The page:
Paleontologists would like to be much more specific about a dinosaur’s diet than simply differentiating carnivore from herbivore. This finer level of resolution requires direct fossil evidence of dinosaur meals. Stomach contents are only rarely preserved, but when present, allow us to determine exactly what these animals were eating.

  In the stomach contents of specimens of Coelophysis (a small, long-necked dinosaur) are bones from juvenile animals of the same species. At one time, these were thought to represent embryonic animals, suggesting that this small dinosaur gave birth to live young rather than laying eggs. Further research indicated that the small dinosaurs were too large and too well developed to be prehatchling young. In addition, the juveniles inside the body cavity were of different sizes. All the evidence points to the conclusion that these are the remains of prey items and that, as an adult, Coelophysis was at least in part a cannibal.

  Fossilized stomach contents are not restricted to carnivorous dinosaurs. In a few rare cases, most of them “mummies” (unusually well preserved specimens), fossilized plant remains have been found inside the body cavity of hadrosaurs. Some paleontologists have argued that these represent stream accumulations rather than final meals. The best known of these cases is the second Edmontosaurus mummy collected by the Sternbergs. In the chest cavity of this specimen, which is housed in the Senckenberg Museum in Germany, are the fossil remains of conifer needles, twigs, seeds, and fruits. Similar finds in Corythosaurus specimens from Alberta, Canada, have also been reported, indicating that at least two kinds of Late Cretaceous hadrosaurs fed on the sorts of tress that are common in today’s boreal woodlands.

  A second form of direct evidence comes from coprolites (fossilized bodily waste). Several dinosaur fossil localities preserve coprolites. Coprolites yield unequivocal evidence about the dietary habits of dinosaurs. Many parts of plants and animals are extremely resistant to the digestive systems of animals and pass completely through the body with little or no alteration. Study of coprolites has indicated that the diets of some herbivorous dinosaurs were relatively diverse, while other dinosaurs appear to have been specialists, feeding on particular types of plants. The problem with inferring diets from coprolites is the difficulty in accurately associating a particular coprolite with a specific dinosaur.











  Climate and Urban Development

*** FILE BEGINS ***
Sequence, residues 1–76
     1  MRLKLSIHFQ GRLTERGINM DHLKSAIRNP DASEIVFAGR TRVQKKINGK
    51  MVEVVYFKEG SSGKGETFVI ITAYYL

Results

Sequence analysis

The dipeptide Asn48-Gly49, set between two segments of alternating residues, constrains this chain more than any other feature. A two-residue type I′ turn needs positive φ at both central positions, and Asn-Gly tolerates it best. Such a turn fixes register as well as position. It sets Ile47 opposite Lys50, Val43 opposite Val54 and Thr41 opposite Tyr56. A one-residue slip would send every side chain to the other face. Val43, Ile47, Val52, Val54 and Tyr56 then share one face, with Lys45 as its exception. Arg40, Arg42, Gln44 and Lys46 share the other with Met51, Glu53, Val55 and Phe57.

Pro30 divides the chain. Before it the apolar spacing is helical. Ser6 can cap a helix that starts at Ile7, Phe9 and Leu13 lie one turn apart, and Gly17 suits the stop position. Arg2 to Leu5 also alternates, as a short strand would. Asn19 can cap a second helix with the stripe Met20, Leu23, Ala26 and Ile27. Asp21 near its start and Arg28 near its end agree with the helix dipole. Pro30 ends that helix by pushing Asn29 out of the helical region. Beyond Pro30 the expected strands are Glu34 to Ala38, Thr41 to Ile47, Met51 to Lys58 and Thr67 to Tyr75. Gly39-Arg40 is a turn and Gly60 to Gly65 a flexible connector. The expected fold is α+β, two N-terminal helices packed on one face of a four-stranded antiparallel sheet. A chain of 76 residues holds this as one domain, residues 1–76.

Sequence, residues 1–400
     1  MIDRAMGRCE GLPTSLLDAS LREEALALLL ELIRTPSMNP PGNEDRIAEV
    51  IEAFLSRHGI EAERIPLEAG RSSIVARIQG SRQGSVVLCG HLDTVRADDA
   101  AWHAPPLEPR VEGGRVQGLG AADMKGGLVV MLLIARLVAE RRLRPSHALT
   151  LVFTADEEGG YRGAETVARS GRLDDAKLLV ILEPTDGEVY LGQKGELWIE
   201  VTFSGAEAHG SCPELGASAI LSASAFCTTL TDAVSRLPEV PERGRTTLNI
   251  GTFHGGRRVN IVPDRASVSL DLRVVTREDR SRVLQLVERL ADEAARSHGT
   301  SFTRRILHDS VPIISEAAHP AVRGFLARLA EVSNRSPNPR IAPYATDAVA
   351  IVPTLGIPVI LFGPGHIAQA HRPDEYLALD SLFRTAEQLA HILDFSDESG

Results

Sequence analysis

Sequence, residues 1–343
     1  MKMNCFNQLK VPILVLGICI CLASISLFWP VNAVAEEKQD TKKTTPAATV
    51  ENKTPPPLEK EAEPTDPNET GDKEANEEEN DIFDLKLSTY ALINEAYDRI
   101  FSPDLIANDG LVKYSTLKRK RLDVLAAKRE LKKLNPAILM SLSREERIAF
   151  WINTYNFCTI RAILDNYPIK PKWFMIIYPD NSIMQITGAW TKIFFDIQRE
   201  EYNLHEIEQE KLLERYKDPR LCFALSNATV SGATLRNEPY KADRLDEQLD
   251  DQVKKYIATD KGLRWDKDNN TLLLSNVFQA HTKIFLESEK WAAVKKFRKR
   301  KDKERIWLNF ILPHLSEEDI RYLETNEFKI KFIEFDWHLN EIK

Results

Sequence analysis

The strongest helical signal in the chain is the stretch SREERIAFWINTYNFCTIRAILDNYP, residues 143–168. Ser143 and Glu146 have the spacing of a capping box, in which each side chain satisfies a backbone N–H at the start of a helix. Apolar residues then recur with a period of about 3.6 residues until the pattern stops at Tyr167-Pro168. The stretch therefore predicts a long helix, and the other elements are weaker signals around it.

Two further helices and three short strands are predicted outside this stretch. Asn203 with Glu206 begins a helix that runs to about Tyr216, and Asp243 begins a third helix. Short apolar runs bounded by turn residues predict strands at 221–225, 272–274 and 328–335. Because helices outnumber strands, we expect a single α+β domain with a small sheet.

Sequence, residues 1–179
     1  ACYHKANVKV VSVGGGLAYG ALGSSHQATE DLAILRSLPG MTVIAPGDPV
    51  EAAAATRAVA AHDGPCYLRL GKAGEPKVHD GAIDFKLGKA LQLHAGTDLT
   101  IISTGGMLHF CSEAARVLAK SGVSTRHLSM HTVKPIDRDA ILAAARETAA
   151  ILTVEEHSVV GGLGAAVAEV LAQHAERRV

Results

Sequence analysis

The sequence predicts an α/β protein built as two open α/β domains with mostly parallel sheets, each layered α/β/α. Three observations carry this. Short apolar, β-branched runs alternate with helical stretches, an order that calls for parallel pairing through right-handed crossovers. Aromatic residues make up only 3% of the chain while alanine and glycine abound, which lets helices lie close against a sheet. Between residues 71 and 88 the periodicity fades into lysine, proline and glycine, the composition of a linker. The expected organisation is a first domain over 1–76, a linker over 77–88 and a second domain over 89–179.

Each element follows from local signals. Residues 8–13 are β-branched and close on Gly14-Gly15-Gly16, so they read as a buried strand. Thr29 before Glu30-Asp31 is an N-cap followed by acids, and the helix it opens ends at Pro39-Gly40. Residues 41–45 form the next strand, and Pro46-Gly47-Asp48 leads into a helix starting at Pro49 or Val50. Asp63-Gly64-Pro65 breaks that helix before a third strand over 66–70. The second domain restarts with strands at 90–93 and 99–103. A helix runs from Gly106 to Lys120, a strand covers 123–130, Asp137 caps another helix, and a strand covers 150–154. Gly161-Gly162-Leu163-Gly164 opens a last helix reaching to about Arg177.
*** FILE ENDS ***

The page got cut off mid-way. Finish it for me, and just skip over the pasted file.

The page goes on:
For more than a hundred years, it has been known that cities are generally warmer than surrounding rural areas. This region of city warmth, known as the urban heat island, can influence the concentration of air pollution. However, before we look at its influence, let’s see how the heat island actually forms.

  The urban heat island is due to industrial and urban development. In rural areas, a large part of the incoming solar energy is used in evaporating water from vegetation and soil. In cities, where less vegetation and exposed soil exist, the majority of the Sun’s energy is absorbed by urban structures and asphalt. Hence, during warm daylight hours, less evaporative cooling in cities allows surface temperatures to rise higher than in rural areas. The cause of the urban heat island is quite involved. Depending on the location, time of year, and time of day, any or all of the following differences between cities and their surroundings can be important: albedo (reflectivity of the surface), surface roughness, emissions of heat, emissions of moisture, and emissions of particles that affect net radiation and the growth of cloud droplets.

  At night, the solar energy (stored as vast quantities of heat in city buildings and roads) is slowly released into the city air. Additional city heat is given off at night (and during the day) by vehicles and factories, as well as by industrial and domestic heating and cooling units. The release of heat energy is retarded by the tall vertical city walls that do not allow infrared radiation to escape as readily as does the relatively level surface of the surrounding countryside. The slow release of heat tends to keep nighttime city temperatures higher than those of the faster-cooling rural areas. Overall, the heat island is strongest (1) at night when compensating sunlight is absent; (2) during the winter, when nights are longer and there is more heat generated in the city; and (3) when the region is dominated by a high-pressure area with light winds, clear skies, and less humid air. Over time, increasing urban heat islands affect climatological temperature records, producing artificial warming in climatic records taken in cities. This warming, therefore, must be accounted for in interpreting climate change over the past century.

  The constant outpouring of pollutants into the environment may influence the climate of the city. Certain particles reflect solar radiation, thereby reducing the sunlight that reaches the surface. Some particles serve as nuclei upon which water and ice form. Water vapor condenses onto these particles when the relative humidity is as low as 70 percent, forming haze that greatly reduces visibility. Moreover, the added nuclei increase the frequency of city fog.

  Studies suggest that precipitation may be greater in cities than in the surrounding countryside; this phenomenon may be due in part to the increased roughness of city terrain, brought on by large structures that cause surface air to slow and gradually converge. This piling up of air over the city then slowly rises, much like toothpaste does when its tube is squeezed. At the same time, city heat warms the surface air, making it more unstable, which enhances risings air motions, which, in turn, aids in forming clouds and thunderstorms. This process helps explain why both tend to be more frequent over cities.